The secret behind being able to 'just do it'

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The complete version of this interview was released as a Spark Plus podcast. An edited version of this interview will air on an upcoming episode of Spark.

Just do it. Roll up your sleeves and give the problem a little elbow grease. It sounds easy, but taking a goal from dream to reality involves willpower. Why do some people seem to have more willpower than others? Are they just "better" than the rest of us? Maybe not. It turns out that scientific research into willpower and self-control has some pretty intriguing -- and often counter-intuitive -- things to teach us about how willpower works, and how we can tap into it when we need it most.

That's where Kelly McGonigal comes in. She's a health psychologist at Stanford University, and the author of the new book, The Willpower Instinct: How Self Control Works, Why It Matters and What You Can Do to Get More of It. McGonigal argues that willpower is a lot like stress. When our bodies react to stress, our heart rate increases and our blood pressure goes up. It turns out that willpower does the same thing. "It unleashes a set of coordinated changes in your body that are meant to help you deal with a new kind of threat, and that threat is something that is more internal, a desire or a distraction or an impulse, that somehow your brain recognizes is counterproductive or destructive to your goals," McGonigal explained to Spark host Nora Young in a recent interview.

However, unlike stress, which often makes it more difficult to complete tasks, willpower engages your body so it is more likely that you'll succeed. "The willpower response actually slows you down," McGonigal said. "You see the heart rate slowing down, you see breathing slowing down and you see this balanced, autonomic response that's almost the opposite of a stress response." Since there are lots of techniques for controlling stress, there should be some for controlling willpower? According to McGonigal, the answer is yes.

McGonigal points to both physical activity and meditation as two practices that help willpower. "For whatever reason, the brain responds to exercise too," McGonigal said. "It becomes more efficient and better able to do the things that we need willpower for."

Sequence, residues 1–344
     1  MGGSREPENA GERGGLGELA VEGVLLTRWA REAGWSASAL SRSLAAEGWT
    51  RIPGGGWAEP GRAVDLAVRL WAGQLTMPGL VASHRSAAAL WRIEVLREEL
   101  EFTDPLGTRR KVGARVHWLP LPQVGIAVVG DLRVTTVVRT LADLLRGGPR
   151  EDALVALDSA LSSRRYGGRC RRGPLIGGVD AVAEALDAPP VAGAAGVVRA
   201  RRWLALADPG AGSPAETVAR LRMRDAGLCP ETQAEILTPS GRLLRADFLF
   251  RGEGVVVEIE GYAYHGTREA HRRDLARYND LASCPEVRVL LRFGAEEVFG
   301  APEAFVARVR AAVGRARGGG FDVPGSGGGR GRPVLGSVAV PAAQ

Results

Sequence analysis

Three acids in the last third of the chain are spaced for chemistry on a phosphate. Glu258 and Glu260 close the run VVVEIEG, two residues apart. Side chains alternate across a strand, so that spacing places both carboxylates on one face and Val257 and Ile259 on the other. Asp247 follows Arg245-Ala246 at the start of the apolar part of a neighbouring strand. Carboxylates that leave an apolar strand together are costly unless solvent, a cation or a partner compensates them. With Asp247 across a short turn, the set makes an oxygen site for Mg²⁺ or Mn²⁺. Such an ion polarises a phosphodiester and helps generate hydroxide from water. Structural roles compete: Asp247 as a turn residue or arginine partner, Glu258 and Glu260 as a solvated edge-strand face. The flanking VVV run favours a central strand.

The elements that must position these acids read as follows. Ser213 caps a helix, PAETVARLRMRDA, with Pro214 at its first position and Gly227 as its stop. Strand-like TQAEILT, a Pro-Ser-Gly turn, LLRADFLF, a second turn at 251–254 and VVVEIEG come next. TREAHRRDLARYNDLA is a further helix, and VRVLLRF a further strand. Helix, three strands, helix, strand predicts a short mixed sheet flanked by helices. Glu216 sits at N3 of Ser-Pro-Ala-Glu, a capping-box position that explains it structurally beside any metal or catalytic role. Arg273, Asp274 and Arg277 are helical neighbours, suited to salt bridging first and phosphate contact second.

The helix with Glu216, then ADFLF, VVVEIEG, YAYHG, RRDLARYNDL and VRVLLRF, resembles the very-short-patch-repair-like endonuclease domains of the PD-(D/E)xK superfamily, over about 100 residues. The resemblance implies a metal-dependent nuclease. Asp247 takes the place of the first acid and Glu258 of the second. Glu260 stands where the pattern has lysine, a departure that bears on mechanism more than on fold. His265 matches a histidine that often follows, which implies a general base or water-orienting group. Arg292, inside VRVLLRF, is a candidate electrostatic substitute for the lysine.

Another important factor in improving willpower is sleep. If you get less than six hours of sleep a night, the brain's ability to function decreases and "the brain actually has a hard time using the systems of self-control." As a result, "it's harder to control your impulses."

One of the most effective ways to improve your willpower is to exercise it regularly. Willpower is like a muscle, McGonigal says. When building your bicep, you start small, with, for example, five-pound weights. The more you work out, the more you build on this base, and eventually lifting those five-pound weights is no problem, and you can move on to the next challenge, such as 10- or 15-pound weights. According to McGonigal, willpower functions the same way. "When you take a small step towards your goal, it is hard, but the willingness to do that hard thing, even if it's just a little bit harder than what's comfortable, those baby steps become easy.You become ready to tackle the next big change or the next biggest challenge."

Finally, McGonigal says if you want to improve your willpower, you need to simply pay attention and ask yourself questions. Why are you procrastinating or giving in to cravings? Do you really want that second piece of chocolate cake? Are you really too tired to clean up the kitchen? If you can pinpoint the cause of why you aren't achieving your goal, evoking willpower will become that much easier. "These individual choices that you make can lead to something far bigger than the immediate gratification that is something you might think that you really want."